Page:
Revision on Sample Size Analysis and Participant Recruitment

Week 6 discussion
To prepare for the Discussion, review the PowerPoint presentation on sample size and read the article The Art and Science of Knowledge Synthesis. Use one of the Dissertation Checklists (Quantitative Checklist, Qualitative Checklist, or Mixed Methods Checklist), located in this week’s Learning Resources, that correlates with your method.
Post by Day 4 a response to the following that applies to your research methodology:
For those doing a quantitative study, in 1- to 2- paragraphs post a draft sample size analysis for your dissertation and how you will recruit your participants or obtain a secondary data set. If you have already obtained your sample, let your fellow students know how it went and any issues you encountered.
Sample Size Analysis and Participant Recruitment
The type of data used in this study was secondary data that is purely quantitative and obtained from the databases of the Liberia Ministry of Public Health and Social Welfare regarding TB rates in immigrants between 2008 and 2014. The data was accessed once is granted and the entire population was estimated to be between 1149 participants. The study coded and analyzed all the participants, and the sampling procedures were however not required. The sample size of the data was analyzed using a statistical package for social sciences (SPSS version 2.1). The use of descriptive statistics was important as it applied linear regression model for adequate exploration and analysis while evaluating the cohort characteristics. Common regression models used were the t-values and the Pearson correlations that are important in analyzing the data based on the selected variables in this study.
The recruitment of participants in this study was done using a quantitative research design. I used a random sampling method approach to recruiting at least 500 consecutive people with tuberculosis symptoms. I also involved the healthcare personnel and a group of health facility attendees in the hospitals in Monrovia and its outskirts. While selecting the participants, I considered the key variables used in the study for instance the years of residence and the population density of their area of residence among others. I also used the health records in Ministry of Public Health and Social Welfare of Liberia and in different hospitals to get the required threshold for the participants. The Demographic and Health survey database of the Ministry was easily accessed because there is no permission required for access. During the research, I experienced various challenges as a result of the various barriers in the course of sampling and data collection. Common barriers included inaccessibility of some health records, long diagnostic processes, inadequate attention and lack of sufficient resources to conduct the study.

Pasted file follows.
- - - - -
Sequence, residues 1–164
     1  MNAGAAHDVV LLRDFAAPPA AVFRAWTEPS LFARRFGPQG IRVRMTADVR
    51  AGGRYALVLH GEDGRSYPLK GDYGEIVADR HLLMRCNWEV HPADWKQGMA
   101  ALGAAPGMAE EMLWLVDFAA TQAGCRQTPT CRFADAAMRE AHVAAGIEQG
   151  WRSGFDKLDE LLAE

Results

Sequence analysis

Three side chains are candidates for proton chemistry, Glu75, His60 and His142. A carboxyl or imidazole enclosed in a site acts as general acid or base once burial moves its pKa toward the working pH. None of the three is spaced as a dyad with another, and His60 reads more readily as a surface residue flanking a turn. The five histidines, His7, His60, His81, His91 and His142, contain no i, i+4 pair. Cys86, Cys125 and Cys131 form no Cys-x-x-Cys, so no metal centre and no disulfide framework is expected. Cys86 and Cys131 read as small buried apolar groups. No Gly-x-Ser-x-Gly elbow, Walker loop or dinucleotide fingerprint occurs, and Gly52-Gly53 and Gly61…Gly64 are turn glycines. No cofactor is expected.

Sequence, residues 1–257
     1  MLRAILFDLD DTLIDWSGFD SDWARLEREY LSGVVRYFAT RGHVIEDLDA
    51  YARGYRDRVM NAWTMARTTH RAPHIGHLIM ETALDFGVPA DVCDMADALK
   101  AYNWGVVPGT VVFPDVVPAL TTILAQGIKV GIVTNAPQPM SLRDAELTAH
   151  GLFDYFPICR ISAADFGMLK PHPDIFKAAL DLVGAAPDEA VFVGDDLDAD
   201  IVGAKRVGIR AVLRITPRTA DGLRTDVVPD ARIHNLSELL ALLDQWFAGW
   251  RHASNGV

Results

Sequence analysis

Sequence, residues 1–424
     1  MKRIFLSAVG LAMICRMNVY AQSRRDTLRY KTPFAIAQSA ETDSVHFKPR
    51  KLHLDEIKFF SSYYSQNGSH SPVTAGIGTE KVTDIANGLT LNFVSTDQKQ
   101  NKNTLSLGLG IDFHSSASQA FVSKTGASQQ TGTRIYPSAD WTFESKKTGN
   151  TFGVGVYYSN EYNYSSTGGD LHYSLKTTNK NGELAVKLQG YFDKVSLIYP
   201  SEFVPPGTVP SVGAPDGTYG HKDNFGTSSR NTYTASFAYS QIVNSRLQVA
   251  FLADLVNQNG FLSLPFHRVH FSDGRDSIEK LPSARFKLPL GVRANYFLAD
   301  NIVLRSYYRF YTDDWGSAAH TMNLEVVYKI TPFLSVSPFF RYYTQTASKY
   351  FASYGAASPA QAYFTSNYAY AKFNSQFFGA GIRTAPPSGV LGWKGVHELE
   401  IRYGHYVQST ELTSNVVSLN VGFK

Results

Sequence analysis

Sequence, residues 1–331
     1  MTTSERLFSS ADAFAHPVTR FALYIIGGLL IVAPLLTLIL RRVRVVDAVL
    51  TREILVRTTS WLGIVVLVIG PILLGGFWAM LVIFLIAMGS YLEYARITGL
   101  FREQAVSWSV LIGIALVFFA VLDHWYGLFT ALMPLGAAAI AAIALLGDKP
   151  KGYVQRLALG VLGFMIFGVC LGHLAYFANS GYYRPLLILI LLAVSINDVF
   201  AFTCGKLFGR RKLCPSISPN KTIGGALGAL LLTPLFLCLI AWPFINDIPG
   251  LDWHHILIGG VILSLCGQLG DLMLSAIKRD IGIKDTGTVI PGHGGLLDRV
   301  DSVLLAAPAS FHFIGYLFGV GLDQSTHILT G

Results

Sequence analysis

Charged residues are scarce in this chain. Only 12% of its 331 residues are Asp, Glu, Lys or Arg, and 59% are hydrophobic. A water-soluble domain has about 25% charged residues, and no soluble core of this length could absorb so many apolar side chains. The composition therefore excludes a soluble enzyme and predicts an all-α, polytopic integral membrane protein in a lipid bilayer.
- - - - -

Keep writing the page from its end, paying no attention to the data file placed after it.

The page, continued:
Institute for Statistics and Geo-information Services. (2014). Liberia Demographic and Health Survey. Ministry of Health and Social Welfare. Monrovia, Liberia.Liberia.
Chumney, E., & Simpson, K., eds. (2006). Methods and designs for outcomes research. New
York, NY: American Society of Health-System.
Demography Health Survey (DHS), Monrovia, Liberia: Government of Liberia.
Okay Linda:
You cannot use estimated populations for data analysis. Therefore, survey sample must be specific numbers and you should be prepared to defend why you have to utilize a sample of 500 persons for your study. Please read well the Quantitative Dissertation Checklist provided to you in this Week Resources for your guidance in writing the various sections of Chapter 1 of your Dissertation. What you see there in the checklist are almost exactly of the Table of Contents that I provided you at the beginning of the course. You must be familiar of Checklist because you cannot write the dissertation without them.
Dr. Williams.